T he streets of Whitehall are a little cleaner after a group of students from Whitehall High School spent several hours last week picking up garbage.
The junior and senior classes were given a few hours reprieve from school to tidy up the community and were joined by school faculty, village and town officials, members of the Whitehall Police Department, and employees of the village Department of Public Works
It took the group of students, more than a hundred strong, about two hours to canvass the entire community and clean up debris that accumulated over a long winter.
“I think it takes less time every year,” said Greg Chappell, dean of students at Whitehall. “The village seems to be a lot cleaner than it was when we started the program.”
The project was initially organized by Mark Goodrich, an environmental science teacher at Whitehall.
Early on, Goodrich had students clean an area near South Bay, but a few years ago the program shifted its focus to cleaning the village.
This year’s event, which was spearheaded by Kelly McHugh, the high school principal, and Marge Mohn, a village trustee, was part of a greater communitywide effort to clean the village.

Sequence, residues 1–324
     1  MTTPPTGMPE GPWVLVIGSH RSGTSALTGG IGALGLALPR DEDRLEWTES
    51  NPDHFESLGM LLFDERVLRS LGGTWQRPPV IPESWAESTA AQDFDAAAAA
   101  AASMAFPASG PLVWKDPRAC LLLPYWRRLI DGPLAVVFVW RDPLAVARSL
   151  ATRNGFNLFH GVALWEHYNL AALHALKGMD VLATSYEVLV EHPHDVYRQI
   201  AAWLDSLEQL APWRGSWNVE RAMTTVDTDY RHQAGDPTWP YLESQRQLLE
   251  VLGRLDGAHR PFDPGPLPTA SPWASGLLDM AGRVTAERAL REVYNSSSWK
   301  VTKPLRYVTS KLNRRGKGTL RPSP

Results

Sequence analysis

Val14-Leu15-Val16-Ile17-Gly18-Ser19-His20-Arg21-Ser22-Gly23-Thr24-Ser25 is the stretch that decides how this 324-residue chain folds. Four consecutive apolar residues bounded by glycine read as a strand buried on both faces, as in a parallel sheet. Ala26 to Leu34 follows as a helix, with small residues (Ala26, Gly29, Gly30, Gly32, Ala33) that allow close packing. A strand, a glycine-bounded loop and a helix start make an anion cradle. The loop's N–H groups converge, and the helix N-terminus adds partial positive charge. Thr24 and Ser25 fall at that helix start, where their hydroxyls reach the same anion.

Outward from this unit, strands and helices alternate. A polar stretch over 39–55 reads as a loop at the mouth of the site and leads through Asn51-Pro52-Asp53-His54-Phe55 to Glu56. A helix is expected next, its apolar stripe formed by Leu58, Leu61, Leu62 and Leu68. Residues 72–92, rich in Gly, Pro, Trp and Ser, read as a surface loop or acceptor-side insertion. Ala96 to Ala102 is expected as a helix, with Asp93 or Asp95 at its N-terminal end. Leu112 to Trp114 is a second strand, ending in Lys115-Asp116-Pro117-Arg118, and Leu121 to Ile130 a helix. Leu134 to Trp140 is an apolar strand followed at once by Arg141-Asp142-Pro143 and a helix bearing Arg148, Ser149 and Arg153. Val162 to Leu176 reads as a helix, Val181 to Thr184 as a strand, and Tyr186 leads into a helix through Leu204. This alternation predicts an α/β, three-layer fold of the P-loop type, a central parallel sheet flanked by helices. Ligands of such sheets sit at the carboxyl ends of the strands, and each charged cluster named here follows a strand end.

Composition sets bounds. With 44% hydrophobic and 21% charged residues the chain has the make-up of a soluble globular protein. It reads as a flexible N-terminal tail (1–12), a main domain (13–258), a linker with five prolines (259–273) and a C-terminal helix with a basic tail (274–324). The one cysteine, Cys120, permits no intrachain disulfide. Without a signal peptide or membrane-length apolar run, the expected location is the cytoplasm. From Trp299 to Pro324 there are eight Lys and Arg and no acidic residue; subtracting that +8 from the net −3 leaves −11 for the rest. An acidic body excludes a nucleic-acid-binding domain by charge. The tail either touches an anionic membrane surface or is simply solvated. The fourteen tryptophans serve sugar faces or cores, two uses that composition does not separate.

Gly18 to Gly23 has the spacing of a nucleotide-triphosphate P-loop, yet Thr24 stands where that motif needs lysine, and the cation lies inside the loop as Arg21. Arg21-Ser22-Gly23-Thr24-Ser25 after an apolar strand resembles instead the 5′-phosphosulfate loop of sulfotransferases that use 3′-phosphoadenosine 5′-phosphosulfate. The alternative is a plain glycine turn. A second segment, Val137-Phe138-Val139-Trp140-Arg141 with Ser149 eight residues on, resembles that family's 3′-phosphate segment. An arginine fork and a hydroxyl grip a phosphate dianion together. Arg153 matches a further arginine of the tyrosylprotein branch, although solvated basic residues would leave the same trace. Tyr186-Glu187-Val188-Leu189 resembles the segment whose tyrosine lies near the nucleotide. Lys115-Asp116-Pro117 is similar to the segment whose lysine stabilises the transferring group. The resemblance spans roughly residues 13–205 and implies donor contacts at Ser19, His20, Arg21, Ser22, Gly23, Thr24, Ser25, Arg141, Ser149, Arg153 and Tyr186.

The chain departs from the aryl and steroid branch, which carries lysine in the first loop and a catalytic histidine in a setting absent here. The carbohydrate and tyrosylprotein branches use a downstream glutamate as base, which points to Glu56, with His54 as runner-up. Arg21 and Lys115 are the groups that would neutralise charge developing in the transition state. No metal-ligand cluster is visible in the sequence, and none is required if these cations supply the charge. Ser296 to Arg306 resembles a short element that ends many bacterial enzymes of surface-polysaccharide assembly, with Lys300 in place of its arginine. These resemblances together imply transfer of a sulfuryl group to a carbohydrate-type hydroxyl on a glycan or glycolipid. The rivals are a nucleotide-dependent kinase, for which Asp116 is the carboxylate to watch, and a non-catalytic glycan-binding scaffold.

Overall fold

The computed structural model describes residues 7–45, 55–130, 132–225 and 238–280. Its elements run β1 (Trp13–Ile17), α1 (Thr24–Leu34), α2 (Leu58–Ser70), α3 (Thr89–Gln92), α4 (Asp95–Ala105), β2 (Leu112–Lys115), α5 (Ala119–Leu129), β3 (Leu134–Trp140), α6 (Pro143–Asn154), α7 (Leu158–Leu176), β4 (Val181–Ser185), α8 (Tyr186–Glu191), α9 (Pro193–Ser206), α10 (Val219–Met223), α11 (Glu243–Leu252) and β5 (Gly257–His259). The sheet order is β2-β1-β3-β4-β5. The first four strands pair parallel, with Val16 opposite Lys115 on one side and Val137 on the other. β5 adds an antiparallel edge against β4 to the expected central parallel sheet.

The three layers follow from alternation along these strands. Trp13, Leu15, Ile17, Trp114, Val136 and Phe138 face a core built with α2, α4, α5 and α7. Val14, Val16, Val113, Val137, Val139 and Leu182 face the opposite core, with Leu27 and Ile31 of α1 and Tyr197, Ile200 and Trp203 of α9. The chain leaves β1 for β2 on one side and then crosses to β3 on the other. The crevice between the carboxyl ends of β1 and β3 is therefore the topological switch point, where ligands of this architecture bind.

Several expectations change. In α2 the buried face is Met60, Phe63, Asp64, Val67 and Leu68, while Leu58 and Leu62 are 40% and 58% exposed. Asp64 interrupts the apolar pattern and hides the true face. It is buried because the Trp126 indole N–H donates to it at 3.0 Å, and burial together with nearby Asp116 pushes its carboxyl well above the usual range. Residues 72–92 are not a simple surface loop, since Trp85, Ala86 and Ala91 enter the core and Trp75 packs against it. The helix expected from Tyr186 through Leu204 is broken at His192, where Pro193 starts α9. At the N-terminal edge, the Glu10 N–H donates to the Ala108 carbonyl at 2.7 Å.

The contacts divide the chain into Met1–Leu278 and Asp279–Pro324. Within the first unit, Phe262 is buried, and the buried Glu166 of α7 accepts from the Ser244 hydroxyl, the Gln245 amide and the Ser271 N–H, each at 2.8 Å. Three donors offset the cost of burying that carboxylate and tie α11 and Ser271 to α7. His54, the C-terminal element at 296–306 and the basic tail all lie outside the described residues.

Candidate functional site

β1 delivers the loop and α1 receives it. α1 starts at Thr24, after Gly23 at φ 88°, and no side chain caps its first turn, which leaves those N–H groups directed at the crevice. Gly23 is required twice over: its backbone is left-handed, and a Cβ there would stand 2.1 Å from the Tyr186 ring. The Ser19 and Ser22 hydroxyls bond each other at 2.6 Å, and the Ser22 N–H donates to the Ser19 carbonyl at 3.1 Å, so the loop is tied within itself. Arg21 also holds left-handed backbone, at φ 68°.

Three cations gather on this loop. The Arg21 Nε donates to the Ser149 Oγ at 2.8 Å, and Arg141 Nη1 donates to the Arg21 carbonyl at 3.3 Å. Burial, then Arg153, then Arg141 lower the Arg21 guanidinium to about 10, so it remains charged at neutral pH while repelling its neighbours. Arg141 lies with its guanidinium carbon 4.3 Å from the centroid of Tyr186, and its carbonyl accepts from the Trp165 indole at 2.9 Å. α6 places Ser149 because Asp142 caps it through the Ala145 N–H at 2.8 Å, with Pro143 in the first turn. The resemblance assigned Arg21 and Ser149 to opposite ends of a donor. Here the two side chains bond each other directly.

Throughout the week, the DPW has been canvassing the village, offering free curbside pickup of organic debris. Local residents hoping to clean their properties only had to fill a clear plastic bag with grass clippings, leaves and brush, and the village would dispose of it for them at no charge.
And while the number of residents taking advantage of the program was limited, the village did collect at least one large truck full of debris.
Wednesday morning’s clean-up was part of an effort to pick up inorganic trash that the DPW wasn’t picking up.
Students traveled by bus to three or four different areas of the village and worked their way toward the Skenesborough Park.
Members of the DPW periodically came by and hauled away the bags of trash the students had collected.
Once the students arrived at the park, they were treated to a barbecue by local officials with Mayor Peter Telisky and trustee Ken Bartholomew cooking up several hundred hot dogs.
Besides making the community look a little nicer, Goodrich said the benefits are two-fold: it helps foster stewardship and appreciation of the environment and helps build community pride.
After everyone had eaten, Mohn presented a framed certificate of appreciation to the students for their efforts.
“I think it went really well. The kids did a great job,” Mohn said.